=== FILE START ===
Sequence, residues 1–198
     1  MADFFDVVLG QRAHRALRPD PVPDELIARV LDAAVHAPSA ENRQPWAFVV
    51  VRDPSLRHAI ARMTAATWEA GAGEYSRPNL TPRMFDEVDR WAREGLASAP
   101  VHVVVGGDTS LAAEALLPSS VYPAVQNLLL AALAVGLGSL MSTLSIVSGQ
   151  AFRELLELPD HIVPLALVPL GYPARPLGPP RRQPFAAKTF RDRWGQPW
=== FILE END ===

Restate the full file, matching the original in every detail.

Sequence, residues 1–198
     1  MADFFDVVLG QRAHRALRPD PVPDELIARV LDAAVHAPSA ENRQPWAFVV
    51  VRDPSLRHAI ARMTAATWEA GAGEYSRPNL TPRMFDEVDR WAREGLASAP
   101  VHVVVGGDTS LAAEALLPSS VYPAVQNLLL AALAVGLGSL MSTLSIVSGQ
   151  AFRELLELPD HIVPLALVPL GYPARPLGPP RRQPFAAKTF RDRWGQPW